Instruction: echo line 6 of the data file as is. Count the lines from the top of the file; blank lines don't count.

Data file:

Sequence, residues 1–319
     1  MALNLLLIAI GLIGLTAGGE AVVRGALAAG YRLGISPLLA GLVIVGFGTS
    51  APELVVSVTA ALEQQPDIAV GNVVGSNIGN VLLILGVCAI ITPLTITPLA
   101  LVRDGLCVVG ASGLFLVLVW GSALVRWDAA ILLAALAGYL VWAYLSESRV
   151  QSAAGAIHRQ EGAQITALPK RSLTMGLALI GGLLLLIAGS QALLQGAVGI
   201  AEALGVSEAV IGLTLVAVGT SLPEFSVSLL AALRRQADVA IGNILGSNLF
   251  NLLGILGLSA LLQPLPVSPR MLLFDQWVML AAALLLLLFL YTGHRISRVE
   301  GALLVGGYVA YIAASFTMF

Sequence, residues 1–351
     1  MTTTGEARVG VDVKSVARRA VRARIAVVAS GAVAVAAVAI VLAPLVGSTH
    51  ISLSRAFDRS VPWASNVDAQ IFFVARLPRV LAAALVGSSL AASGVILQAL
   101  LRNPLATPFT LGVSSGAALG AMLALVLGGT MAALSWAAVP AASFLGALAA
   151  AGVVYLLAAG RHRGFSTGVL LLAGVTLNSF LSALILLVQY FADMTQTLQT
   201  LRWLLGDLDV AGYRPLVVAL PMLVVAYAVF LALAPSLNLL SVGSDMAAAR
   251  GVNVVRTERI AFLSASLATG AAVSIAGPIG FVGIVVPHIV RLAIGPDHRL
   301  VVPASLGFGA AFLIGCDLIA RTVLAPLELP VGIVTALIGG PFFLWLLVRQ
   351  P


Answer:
   201  AEALGVSEAV IGLTLVAVGT SLPEFSVSLL AALRRQADVA IGNILGSNLF